Not everything they say about Tommy Knox is true. Sure, Gender Wars was his reality show. Sure, one of the contestants butchered two competitors with an ax in a blind rage. But can you really pin all that on the Executive Producer?
         Yes, apparently you can. Though technically, he was exonerated.
         Not one to let a public disemboweling of his character get him down, Tommy is back from producer’s jail to pitch a new show that will change the way people think of reality television forever.
         Religion. A whole new religion.
         After conning, extorting, and playing every angle to get a development deal, Tommy sets out to invent a religion from scratch. He finds Nava, an unassuming young hipster from Silverlake, and turns him into an online religious celebrity. Exploiting a bit of television magic, some mind-reading psychic tricks, and the viral rage of Internet culture, Tommy turns Nava into the first Prophet of the digital age. After a brutal showdown with a biggoted preacher, Nava becomes as famous as a Hollywood A-lister. Suddenly sponsors are clamoring to have a piece of the dark horse TV Prophet.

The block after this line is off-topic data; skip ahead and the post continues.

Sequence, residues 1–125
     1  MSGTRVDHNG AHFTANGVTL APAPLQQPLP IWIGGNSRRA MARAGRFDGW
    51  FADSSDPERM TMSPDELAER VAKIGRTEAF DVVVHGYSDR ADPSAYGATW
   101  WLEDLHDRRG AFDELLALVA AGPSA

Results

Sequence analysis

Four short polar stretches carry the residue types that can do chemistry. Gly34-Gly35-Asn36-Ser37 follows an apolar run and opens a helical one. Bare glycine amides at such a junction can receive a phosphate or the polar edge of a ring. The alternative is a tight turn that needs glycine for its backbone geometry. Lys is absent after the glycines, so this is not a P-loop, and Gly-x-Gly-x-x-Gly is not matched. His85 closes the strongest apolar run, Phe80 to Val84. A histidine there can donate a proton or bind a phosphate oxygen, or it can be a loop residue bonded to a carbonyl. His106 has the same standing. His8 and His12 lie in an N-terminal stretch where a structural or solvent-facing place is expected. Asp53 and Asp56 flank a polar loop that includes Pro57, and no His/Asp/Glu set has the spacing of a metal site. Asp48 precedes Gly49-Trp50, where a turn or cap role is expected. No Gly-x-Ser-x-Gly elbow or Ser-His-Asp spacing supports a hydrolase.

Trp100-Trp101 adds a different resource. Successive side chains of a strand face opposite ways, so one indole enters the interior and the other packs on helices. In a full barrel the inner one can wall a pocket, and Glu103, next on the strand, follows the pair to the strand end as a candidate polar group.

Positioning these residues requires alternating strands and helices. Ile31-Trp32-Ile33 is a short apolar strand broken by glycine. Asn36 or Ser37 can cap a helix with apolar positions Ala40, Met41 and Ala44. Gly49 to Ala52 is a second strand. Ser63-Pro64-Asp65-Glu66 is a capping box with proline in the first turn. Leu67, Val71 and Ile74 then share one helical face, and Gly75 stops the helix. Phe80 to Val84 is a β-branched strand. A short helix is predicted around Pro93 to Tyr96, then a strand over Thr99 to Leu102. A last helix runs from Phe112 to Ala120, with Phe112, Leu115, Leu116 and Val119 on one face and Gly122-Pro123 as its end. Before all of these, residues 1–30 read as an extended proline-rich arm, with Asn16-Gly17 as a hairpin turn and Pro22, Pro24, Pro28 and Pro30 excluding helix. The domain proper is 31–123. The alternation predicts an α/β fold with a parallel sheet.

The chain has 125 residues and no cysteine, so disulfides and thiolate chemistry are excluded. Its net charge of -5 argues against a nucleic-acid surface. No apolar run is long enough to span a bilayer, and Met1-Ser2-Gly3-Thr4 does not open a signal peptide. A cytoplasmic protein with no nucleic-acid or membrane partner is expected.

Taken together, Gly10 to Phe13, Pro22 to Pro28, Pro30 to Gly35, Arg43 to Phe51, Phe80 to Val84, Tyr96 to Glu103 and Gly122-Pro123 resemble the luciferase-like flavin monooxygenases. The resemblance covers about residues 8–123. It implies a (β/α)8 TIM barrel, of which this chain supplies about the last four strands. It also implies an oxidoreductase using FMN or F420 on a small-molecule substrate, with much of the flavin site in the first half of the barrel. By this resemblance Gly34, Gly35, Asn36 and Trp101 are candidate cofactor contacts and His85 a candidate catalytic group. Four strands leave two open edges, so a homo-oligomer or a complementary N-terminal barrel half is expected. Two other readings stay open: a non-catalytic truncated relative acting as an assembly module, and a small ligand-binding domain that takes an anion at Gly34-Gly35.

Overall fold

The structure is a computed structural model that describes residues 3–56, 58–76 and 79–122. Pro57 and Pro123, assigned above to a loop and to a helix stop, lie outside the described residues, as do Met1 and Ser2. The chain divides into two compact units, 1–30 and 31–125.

However, Nava starts telling layered stories that provoke audiences to turn against the sponsors and their cultural masters. A power struggle ensues when Tommy tries to reign in Nava’s preaching. A radical spiritualist movement sweeps across the country, and ignites a culture war between those who believe in Nava’s miracles and those who dismiss them as nothing more than Hollywood chicanery. The two sides are divided by a thin line drawn in the sand, the PROPHET MARGIN.

           In the vein of Network, Wag the Dog, Being There, and The Truman Show, Prophet Margin is a comedy that explores the relationship between religion, entertainment, and politics.